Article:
Greek Cyprus presidency puts Turkey at an impasse
With the Greek Cypriot-led EU presidency, many fear new tensions with Ankara may further damage Turkey's already troubled EU process.
By Ayhan Simsek for SES Türkiye -- 03/07/12
In a much anticipated development, Greek Cyprus took over the helm of the rotating EU presidency on Sunday (June 1st), risking a deeper crisis between Turkey and the EU during the second half of this year.
Turkish Cypriot protestors dressed as ghosts to show their anger at not being represented in Cyprus' presidency of the European Council. [Reuters]
For months, Turkey has been unable to make any visible progress in its EU membership talks. Of 35 negotiation chapters, 14 remain blocked due to the Cyprus problem. Turkey warned late last year that it would freeze all relations with the EU if the Greek Cypriots were given the EU presidency prior to a settlement on the divided island.
But Ankara has since softened its response, signaling that it will limit its boycott only to the presidency, meetings chaired by the Greek Cypriots and EU gatherings held on the Greek Cypriot side of the island.
"Turkey's reaction to the Greek Cypriot presidency has been strong. But at the same time, the Turkish side refrained from freezing all relations with European institutions," Erhan Ercin, the director of the EU Co-ordination Centre in the Turkish Republic of Northern Cyprus, told SES Türkiye.
"This is a measured response, reflecting a balanced approach. We as Turkish Cypriots support the boycott by Turkey," he said.
Ankara disputes Greek Cyprus's claim to be the sole sovereign state of the island and recognises only the breakaway state of Turkish Republic of Northern Cyprus.
The last major international attempt to reunify the island, the so-called Annan Plan, failed in 2004. In a referendum, 65% of Turkish Cypriots said "yes" to the UN-backed plan, while 76% of Greek Cypriots voted against the plan they had helped draw up. The Greek Cypriot-led Republic of Cyprus became a member of the EU in May 2004, despite the lack of a settlement.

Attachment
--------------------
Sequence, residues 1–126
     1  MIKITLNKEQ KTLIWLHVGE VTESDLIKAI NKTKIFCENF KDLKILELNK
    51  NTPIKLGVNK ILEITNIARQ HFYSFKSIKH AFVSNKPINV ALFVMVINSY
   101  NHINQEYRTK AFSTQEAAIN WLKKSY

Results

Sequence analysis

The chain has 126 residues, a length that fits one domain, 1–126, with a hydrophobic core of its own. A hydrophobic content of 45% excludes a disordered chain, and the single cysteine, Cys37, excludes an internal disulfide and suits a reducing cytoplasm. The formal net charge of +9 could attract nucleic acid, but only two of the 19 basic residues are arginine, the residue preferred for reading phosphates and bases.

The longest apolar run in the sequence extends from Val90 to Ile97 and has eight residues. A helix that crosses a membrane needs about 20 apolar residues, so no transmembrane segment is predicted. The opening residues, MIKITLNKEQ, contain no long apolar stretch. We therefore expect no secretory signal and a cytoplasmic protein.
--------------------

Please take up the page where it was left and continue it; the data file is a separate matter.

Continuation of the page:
Turkey and the Turkish Cypriots argue there is no incentive for the Greek Cypriots to compromise on a solution for the divided island now that the Greek half enjoys EU membership. With its boycott of Cyprus's EU presidency, Turkey aims to increase pressure over EU member states to use their influence on the Greek Cypriots.
A recent joint article by 16 European foreign ministers showed that European countries want to contain damage caused by the Cyprus problem and strive to revive Turkey's EU process.
"At a time when the EU faces economic challenges and continuing instability in the Middle East, the relationship with Turkey matters more than ever," the article, published in euobserver last week, said.
Many observers note that Turkey's close contact with EU foreign policy chief Catherine Ashton on important topics -- including the Iran nuclear crisis and the situation in Syria -- will continue, despite Ankara's boycott of the Union presidency.
Experts said that due to the recent changes in the EU's political and decision making structure introduced by the Lisbon Treaty, the role of the rotating presidency has been significantly decreased.
"The Cyprus EU presidency may have a 10% role in influencing relations between the EU and Turkey, but not more," said Bahadir Kaleagasi, the international co-ordinator of the influential Turkish Industrialists' and Businessmen's Association (TUSIAD).
According to Kaleagasi, what Turkey should do is focus further on reforms to overcome the Cyprus impasse and revive its EU bid.
"Turkey should not waste its time by focusing on discussions like Cyprus's presidency, or populist statements by some European politicians against Turkey's EU membership," he told SES Türkiye.
"Turkey should rather focus on its own work. In this regard, the opportunity to draft Turkey's first civilian-written constitution can offer an exit point for the country," he said.